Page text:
The mysterious Louisa May Alcott, Yellow Fever: and poking fun at histories villains.
A young reader’s book that will appeal to all ages, Fever 1793, recounts the Yellow Fever epidemic in Philadelphia. The sickness, was carried by mosquitoes and gripped the city yearly when warm temperature and standing, putrid water in ponds and swampy areas near the Delaware River provided ideal conditions for mosquitoes to thrive. The year 1793 was a particularly bad one for Yellow Fever and Halse Anderson’s novel brings the panic and desperation of the terrified public to life through the eyes of her 14-year-old protagonist, Polly. Well researched with some creative liberties as to the timing of historic events, this book is a page-turner at any time—but particular now when we find ourselves looking to the past as a roadmap to the difficulties of the present and hopes for the future.
Fever 1793Ramin Ganeshram
Listening to podcasts are a wonderful way to pass the time during this public health emergency, even better is to continue to learn history while getting in a good laugh! Behind the Bastards is hosted by Robert Evans, conflict journalist and author, along with a rotating cast of comedic guests discussing the things you don’t know about the very worst people in history. Described as diving “in past the Cliffs Notes of the worst humans in history and exposes the bizarre realities of their lives” the series is well researched, witty and side-splittingly hilarious. Evans and his guests educate and entertain while challenging viewers to discuss these figures and their connections today. While great content, the show is geared for adults, parents should listen before allowing teens (15-16+) to tune in. Click here for access to this free podcast.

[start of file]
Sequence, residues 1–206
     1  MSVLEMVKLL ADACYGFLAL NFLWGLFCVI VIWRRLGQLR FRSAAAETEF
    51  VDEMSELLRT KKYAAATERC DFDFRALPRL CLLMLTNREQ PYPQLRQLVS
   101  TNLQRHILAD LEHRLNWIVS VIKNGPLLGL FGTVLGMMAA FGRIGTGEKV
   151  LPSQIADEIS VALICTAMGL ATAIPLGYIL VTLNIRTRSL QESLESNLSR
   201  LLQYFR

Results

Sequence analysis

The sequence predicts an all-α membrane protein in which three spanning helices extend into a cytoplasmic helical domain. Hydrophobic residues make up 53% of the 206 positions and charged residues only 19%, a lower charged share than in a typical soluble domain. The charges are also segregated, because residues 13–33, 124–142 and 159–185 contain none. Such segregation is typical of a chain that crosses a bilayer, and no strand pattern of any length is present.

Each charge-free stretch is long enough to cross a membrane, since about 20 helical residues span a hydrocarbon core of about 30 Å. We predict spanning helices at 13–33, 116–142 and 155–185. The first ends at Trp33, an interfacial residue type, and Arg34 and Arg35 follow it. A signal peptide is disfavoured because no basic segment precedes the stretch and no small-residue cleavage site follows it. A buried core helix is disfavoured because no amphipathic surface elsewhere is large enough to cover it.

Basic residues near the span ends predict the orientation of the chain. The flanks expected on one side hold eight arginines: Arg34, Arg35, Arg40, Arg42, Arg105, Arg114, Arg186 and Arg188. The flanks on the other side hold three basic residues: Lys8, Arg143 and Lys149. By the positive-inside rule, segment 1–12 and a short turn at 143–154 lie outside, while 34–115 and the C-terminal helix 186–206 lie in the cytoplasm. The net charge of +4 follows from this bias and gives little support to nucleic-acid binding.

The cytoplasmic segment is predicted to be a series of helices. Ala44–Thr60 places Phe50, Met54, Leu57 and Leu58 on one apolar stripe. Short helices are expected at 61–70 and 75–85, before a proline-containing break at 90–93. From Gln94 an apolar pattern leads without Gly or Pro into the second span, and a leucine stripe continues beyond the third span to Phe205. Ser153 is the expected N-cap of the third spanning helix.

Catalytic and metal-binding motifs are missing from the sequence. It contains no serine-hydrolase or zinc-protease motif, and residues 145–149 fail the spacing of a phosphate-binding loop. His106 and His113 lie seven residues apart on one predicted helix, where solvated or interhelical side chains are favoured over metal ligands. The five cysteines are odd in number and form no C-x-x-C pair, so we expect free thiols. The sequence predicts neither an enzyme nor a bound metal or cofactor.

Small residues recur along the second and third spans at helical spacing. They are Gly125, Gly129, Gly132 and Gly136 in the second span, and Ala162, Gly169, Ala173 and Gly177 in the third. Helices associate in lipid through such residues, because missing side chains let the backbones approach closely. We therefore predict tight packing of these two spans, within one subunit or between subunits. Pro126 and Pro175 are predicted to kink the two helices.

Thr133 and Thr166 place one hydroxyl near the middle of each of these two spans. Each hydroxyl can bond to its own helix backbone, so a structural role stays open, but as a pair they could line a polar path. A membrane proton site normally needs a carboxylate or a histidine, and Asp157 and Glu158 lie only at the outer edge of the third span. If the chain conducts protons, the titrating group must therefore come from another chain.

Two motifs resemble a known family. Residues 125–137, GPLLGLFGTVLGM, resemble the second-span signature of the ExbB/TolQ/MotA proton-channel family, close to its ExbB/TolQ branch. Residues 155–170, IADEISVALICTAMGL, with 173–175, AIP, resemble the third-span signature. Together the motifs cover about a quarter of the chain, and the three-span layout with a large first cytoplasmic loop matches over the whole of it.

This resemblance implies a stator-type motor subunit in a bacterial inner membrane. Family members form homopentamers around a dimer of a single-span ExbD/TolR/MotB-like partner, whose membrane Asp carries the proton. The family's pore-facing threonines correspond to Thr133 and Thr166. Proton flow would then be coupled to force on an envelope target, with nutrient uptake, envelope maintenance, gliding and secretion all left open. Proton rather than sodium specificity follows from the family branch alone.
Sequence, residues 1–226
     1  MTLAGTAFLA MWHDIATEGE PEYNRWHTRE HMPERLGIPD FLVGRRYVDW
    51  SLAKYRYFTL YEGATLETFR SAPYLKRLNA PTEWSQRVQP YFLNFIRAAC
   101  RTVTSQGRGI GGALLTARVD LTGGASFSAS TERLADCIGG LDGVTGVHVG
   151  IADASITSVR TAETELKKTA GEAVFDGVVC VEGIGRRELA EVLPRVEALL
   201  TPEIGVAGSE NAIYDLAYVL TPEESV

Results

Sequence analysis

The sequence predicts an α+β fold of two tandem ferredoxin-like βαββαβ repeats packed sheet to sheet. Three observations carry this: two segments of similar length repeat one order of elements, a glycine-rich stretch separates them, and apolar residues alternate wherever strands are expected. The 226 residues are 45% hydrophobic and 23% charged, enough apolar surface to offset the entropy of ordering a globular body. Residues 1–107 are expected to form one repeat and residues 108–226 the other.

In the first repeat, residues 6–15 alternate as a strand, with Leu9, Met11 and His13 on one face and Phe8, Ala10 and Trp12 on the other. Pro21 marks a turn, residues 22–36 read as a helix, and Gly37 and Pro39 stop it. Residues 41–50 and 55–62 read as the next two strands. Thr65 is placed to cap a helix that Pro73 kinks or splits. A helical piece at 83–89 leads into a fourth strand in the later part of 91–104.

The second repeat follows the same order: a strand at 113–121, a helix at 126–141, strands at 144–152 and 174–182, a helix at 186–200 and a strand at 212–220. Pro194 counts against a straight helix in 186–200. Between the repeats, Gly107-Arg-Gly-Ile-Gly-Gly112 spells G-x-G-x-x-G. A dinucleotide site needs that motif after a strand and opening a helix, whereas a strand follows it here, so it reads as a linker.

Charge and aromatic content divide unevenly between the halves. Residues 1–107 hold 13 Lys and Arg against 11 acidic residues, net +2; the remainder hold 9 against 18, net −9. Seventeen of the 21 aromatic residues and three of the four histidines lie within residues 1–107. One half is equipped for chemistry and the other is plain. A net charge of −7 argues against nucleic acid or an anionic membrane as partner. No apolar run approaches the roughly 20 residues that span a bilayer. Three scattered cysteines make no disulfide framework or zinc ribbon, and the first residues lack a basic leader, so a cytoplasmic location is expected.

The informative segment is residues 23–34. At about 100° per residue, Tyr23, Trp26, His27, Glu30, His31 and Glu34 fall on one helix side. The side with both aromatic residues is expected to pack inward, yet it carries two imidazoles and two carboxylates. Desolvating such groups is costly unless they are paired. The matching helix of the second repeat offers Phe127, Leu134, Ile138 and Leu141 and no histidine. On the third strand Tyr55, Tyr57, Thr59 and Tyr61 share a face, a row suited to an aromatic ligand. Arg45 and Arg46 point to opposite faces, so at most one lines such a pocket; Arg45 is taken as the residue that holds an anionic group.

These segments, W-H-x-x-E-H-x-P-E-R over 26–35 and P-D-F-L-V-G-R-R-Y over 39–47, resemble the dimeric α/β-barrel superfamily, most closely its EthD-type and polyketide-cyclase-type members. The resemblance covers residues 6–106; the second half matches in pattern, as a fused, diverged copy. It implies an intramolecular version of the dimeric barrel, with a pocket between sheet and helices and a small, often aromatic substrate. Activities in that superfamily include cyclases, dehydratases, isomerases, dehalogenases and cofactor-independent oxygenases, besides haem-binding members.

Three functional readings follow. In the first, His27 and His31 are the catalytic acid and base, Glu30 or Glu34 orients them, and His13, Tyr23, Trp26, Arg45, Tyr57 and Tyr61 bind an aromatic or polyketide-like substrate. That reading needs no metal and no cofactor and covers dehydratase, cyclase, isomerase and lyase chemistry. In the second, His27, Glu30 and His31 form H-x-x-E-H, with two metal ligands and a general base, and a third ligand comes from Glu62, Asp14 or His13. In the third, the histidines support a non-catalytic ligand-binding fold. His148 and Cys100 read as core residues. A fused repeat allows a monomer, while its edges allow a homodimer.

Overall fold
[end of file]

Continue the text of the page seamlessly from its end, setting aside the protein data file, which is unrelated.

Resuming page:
Behind the BastardsNicole Carpenter
Although written for ages 12 to 17, The Revelation of Louisa May by Westport’s own Michaela MacColl, brings the Concord, Massachusetts girlhood of Little Women author Louisa May Alcott to life. Part thriller, part romance, Louisa finds herself in charge of the family home at just 15 years of age as her mother goes away for the summer to earn money—something her transcendentalist philosopher father does not deign to do. Even as Louisa struggles to hold household management together, she must also step into her mother’s place as a conductor on the Underground Railroad—all while grappling with her budding romantic feelings for an old family friend. MacColl’s precise research into Alcott’s family, friends and town is apparent and charmingly told. Those who loved Little Women will delight in MacColl’s skillfully drawn parallels between the Alcott home and the March house of Little Women.